Discipline should be coming from a place of wisdom. You want to teach your child that what he/she is doing is not okay and cannot continue. Also, you want to reinforce to your child that you love and care about them unconditionally, but you are also the authority in their lives until they are grown and no longer in your care. To do this, you must earn the respect of your child...and spanking doesn't result in your child respecting you...only your power over him/her.
There are many techniques that can be effectively used for discipline issues. Discipline should be targeted at the age and development of your child and also the severity of the action you wish to stop. Discipline is especially effective when it teaches something. Chores can be used as punishment. So can taking away a favorite activity or toy of your child. The duration of the punishment also needs to be realistic and something that you will stick to, but difficult enough on your child to be memorable. This blog contains a earlier post about other discipline strategies which you may find helpful:
But the bottom line is, don't hit your kids. There are better ways to accomplish your goals. Don't raise a hand to them. They are precious little people, who deserve your very best. If you are having issues with their behavior, educate yourself. Don't take it out on them. They love you and don't want to fear you. You can learn new ways of dealing with them that will benefit your entire family.
Tuesday, September 9, 2014
Today at preschool, I could see brain's growing! It is such a privilege to circulate amongst the littlest of workers; their tiny hands working on art projects, their little eyes looking up at the book we are sharing, their voices eagerly calling out answers and observations. Learning to raise a hand, learning to walk down the hall quietly, learning who likes to play pirate ship on the playground.
It never ceases to amaze me how each child is so completely, 100% unique just like the flowers in a garden. Even after years of teaching, it still surprises me. And the gifts are there to be discovered. This one is quiet and reserved and yet knows all of his numerals, this one can tie, this one can write her name, this one is brave and boisterous, but doesn't like glue on his hands. They are each such a wonderful mosaic of loveliness. Each is learning and growing at his/her own pace. There is no need to compete and compare. Each is right where he/she needs to be and each will forge ahead through the year, learning and growing with out even knowing what is happening.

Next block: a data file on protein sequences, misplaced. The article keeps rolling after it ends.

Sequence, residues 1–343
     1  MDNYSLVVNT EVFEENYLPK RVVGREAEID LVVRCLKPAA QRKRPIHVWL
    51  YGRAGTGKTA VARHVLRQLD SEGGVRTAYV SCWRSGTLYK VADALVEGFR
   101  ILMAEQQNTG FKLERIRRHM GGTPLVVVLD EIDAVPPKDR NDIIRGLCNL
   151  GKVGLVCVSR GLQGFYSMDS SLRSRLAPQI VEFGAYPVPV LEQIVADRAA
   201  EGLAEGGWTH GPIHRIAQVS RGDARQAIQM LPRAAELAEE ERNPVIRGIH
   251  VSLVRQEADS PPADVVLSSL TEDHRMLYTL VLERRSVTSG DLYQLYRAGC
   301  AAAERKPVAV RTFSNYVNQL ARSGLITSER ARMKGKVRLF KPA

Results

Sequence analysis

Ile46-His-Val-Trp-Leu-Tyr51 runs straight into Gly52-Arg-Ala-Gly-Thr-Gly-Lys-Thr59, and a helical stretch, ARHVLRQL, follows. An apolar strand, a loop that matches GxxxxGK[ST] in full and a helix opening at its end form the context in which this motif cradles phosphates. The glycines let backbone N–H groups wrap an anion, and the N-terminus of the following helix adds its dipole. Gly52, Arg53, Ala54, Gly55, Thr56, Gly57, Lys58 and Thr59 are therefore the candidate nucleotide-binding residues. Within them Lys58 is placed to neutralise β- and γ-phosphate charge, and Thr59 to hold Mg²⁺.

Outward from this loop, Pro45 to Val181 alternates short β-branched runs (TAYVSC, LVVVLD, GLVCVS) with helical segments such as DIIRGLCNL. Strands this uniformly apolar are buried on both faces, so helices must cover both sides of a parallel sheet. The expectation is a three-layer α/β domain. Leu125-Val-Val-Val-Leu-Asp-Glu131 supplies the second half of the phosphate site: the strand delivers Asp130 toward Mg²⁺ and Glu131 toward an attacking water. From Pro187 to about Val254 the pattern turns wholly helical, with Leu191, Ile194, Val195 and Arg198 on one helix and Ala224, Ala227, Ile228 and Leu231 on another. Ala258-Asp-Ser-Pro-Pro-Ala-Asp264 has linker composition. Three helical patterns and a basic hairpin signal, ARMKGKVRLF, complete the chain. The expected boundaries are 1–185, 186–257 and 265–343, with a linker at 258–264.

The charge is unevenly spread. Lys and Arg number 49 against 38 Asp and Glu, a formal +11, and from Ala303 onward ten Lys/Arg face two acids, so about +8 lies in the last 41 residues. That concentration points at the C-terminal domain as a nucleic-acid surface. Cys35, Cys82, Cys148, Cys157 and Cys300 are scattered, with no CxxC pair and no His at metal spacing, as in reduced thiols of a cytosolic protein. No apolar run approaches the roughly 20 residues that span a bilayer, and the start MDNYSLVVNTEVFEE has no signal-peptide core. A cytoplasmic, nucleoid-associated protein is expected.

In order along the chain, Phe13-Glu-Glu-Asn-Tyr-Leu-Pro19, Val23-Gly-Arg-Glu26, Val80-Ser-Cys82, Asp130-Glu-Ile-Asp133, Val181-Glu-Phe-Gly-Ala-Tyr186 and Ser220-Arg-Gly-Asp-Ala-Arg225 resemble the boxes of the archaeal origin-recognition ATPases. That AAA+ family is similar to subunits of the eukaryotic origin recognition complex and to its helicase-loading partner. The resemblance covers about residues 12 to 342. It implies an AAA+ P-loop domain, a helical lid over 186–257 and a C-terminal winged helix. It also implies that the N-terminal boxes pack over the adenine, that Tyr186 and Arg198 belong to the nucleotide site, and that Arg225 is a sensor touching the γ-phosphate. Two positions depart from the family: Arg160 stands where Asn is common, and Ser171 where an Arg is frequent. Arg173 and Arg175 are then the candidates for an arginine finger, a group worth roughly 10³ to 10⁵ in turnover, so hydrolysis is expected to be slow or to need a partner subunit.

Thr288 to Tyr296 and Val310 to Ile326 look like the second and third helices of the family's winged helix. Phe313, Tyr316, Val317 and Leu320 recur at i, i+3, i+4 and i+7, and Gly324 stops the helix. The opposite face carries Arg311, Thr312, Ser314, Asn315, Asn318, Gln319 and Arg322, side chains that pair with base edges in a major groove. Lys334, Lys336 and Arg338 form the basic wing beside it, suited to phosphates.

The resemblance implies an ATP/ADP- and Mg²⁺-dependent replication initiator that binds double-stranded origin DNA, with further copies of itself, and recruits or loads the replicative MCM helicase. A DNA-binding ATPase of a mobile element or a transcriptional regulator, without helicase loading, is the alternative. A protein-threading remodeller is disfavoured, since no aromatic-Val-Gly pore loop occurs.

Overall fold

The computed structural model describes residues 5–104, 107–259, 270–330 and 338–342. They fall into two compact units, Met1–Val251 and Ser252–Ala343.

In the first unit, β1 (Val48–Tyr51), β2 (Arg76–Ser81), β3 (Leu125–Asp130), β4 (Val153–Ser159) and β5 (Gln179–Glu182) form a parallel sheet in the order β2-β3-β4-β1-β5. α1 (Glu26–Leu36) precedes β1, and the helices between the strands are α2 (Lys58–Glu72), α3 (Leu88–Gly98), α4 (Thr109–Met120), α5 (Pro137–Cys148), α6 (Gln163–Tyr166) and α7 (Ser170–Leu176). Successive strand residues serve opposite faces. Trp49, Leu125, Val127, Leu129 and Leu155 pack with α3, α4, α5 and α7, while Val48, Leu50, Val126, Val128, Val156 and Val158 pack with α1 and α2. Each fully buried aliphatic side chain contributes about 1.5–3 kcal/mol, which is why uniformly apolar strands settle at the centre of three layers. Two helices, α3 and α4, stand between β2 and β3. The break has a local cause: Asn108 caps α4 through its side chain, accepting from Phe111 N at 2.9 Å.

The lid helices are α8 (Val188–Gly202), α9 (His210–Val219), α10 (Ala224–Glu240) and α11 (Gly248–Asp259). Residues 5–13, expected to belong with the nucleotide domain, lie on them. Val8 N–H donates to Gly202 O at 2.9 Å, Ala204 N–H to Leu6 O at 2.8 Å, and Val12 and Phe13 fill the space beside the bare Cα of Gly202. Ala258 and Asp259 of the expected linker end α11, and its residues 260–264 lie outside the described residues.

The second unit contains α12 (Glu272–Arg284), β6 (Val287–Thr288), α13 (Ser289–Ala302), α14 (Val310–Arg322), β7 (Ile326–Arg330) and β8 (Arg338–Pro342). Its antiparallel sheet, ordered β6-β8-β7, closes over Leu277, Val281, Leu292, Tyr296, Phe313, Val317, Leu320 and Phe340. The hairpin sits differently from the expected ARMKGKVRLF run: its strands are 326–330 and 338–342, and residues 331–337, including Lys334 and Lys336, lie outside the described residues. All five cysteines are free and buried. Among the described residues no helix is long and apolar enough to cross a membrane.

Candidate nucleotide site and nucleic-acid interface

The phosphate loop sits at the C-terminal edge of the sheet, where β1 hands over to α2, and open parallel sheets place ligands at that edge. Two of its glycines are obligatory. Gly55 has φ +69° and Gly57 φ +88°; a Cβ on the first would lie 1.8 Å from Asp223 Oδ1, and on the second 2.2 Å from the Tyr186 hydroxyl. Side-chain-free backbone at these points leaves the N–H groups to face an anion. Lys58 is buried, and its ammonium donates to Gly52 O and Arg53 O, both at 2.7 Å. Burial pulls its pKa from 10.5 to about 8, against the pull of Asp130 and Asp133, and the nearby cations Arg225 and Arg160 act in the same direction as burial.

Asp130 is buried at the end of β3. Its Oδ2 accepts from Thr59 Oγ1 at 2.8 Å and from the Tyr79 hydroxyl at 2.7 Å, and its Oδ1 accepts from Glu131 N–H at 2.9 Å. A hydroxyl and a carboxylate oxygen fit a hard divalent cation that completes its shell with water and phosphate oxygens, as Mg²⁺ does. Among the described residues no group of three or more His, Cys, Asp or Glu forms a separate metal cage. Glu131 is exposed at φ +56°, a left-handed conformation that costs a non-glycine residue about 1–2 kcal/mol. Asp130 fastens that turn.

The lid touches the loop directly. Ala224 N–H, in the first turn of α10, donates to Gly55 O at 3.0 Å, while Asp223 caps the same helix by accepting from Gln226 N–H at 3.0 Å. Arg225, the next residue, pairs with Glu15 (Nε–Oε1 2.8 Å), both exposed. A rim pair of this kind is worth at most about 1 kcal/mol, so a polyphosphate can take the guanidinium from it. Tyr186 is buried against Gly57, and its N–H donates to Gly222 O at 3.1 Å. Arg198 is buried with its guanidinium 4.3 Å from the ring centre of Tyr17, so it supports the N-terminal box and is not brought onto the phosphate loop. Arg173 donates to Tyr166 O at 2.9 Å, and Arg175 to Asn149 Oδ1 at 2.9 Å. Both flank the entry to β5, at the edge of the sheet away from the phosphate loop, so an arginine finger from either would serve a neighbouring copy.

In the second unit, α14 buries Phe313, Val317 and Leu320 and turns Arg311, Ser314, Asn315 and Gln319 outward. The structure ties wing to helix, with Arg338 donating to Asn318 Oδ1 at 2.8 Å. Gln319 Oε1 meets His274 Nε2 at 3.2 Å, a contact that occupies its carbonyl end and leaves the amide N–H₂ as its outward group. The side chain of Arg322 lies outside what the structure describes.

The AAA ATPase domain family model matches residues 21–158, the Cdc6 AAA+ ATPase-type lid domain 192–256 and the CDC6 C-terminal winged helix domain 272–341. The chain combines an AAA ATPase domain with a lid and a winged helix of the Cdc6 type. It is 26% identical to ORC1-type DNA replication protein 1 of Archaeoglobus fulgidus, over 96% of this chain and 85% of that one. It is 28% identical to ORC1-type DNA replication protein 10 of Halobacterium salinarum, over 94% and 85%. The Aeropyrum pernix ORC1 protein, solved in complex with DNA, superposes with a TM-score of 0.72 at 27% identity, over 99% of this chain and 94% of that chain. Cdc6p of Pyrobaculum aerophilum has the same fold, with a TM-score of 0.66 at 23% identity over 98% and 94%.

I am so honored to be a preschool teacher. Thank you for sending them to preschool for a few hours each weekday, so we can learn and grow and share and care for each other. We are laying the foundations for successful years ahead. We are developing positive self concepts, teaching life long lessons about working with each other, listening and communicating our ideas, sticking with tasks until they are finished, and caring about our classmates. We are a learning community that is built on having fun.
Parents of young children, enroll your children in preschool so that they won't miss out on the joy and the excitement of learning and playing! You will be giving them a gift of a lifetime.